And how wonderful is it to have an entire bird's worth of crispy skin?

        2. Some folks also call it "Roadkill" Chicken. I do it whenever I cook a chicken in the smoker. I dont skewer it, or weight it down with bricks etc. but it does lay flat which helps cook faster.

          5 Replies
          1. re: Rojellio

            4YI: I often spatchcock small chickens and roast atop veggies in the oven. However, yesterday I did one on the Weber charcoal grill. I placed a tin foil pan under the bird and the charcoal around the edge so there was indirect cooking taking place. Ten minutes skin side down then flipped and cooked until done, lid on. Wonderful!

            1. re: brooktroutchaser

              Please; how long 'until done', and what size bird?

              1. re: Joebob

                Late reply: size matters. I prefer small chickens, 2.5 to 3.25 lbs. Time and temp: a total of 45 minutes is about right, but use a meat thermometer to truly determine doneness.

                1. re: brooktroutchaser

                  Late but timely: I just took a chicken out of the freezer, and I have some zucchini I need to use. THANKS!

          2. To everyone replying, what is the benefit of removing the breastbone when Spatchcocking a bird (say chicken)?

            Is it that the breast meat will cook that much quicker or is it because you can get the bird that much flatter?

            6 Replies
            1. re: DougRisk

              I think it's a cleaner presentation. If it's a bigger bird, say a turkey, it's easier to carve into slices without the breast bone. The other reason is it's easier to save the bones for making stock. I don't actually spatchcock turkeys too often but I do remove most of the breast bones when doing chickens flat, although sometimes I only remove the ribs and leave the breast bone.

              1. re: John E.

                I leave the ribs and breast bone in because meat is just juicier and tastier cooked on the bone.
                If I'm grilling chicken under a brick, I take it out, otherwise not.

                1. re: mcf

                  "I leave the ribs and breast bone in because meat is just juicier and tastier cooked on the bone. "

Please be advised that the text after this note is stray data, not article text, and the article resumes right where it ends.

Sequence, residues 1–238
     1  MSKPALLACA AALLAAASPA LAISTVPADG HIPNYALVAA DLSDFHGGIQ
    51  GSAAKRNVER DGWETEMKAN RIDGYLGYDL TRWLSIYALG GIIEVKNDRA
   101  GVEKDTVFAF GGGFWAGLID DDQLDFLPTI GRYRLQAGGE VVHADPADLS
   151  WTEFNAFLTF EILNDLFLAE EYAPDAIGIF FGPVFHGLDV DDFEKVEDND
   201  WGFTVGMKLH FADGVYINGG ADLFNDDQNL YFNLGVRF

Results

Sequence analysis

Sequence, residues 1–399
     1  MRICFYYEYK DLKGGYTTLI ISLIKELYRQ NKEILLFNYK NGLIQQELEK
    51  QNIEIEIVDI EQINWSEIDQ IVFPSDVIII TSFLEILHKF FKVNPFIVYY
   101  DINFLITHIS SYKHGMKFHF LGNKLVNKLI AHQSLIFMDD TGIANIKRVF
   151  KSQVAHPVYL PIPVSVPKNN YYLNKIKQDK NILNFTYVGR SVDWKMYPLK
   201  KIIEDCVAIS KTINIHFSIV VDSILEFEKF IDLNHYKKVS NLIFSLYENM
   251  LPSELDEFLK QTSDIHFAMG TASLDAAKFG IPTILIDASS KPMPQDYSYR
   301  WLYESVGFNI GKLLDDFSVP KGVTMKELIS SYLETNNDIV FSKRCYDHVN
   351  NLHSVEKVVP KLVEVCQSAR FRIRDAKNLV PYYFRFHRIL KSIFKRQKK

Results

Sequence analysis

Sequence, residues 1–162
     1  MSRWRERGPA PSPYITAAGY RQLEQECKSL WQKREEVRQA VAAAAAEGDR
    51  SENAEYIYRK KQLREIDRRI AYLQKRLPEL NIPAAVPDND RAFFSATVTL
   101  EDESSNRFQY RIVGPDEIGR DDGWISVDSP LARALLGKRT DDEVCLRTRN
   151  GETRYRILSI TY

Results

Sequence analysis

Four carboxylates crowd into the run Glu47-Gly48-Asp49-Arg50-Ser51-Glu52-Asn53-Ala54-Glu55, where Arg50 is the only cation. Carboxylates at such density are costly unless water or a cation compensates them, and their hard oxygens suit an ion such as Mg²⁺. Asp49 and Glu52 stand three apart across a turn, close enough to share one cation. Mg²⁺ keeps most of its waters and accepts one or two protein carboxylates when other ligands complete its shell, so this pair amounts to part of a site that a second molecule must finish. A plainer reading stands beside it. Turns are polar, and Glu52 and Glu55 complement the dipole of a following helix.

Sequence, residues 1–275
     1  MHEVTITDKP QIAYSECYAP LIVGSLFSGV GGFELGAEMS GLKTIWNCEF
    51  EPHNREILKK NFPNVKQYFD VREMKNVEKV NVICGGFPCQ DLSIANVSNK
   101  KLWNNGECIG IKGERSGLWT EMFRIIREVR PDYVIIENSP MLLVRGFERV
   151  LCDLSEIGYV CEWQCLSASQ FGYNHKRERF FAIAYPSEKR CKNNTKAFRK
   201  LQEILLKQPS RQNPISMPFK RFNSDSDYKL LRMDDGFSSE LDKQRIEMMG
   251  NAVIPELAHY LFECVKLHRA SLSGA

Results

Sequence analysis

Yeah, me too. And that is why I asked.

                2. re: DougRisk

                  If we're asking questions, is there any advantage to spatchcocking a bird over just cutting it in half? It will lay just as flat and not have the jiggly part in the middle where you took out the backbone and left the skin intact.

                  1. re: 512window

                    The backbone brings very little to the table except taking up space and serves a better purpose reused in stock or broth.

                    You can butterfly shrimp, chicken breasts, pork chops, etc, which essentially means to slice in half (but not all the way thru) at the equator of the protein.

                    Cutting it in half leaves a lot of bits that are not pretty preentation, or can be better used elsewhere.
                    it's a trio of of presentation, cooking method and frugality that drives the process among other things.
                    Unless cooked whole, I always cut teh backbone out of my birds. Does not effect anything else including meat and skin.
                    Spatchcock refers to removing various bits including teh backbone and other bones (as mentioned above) so teh bird will lay flat and cook faster and more evenly. For small birds and even chickens, its adds to a more formal or at least more visually pleasing presentation.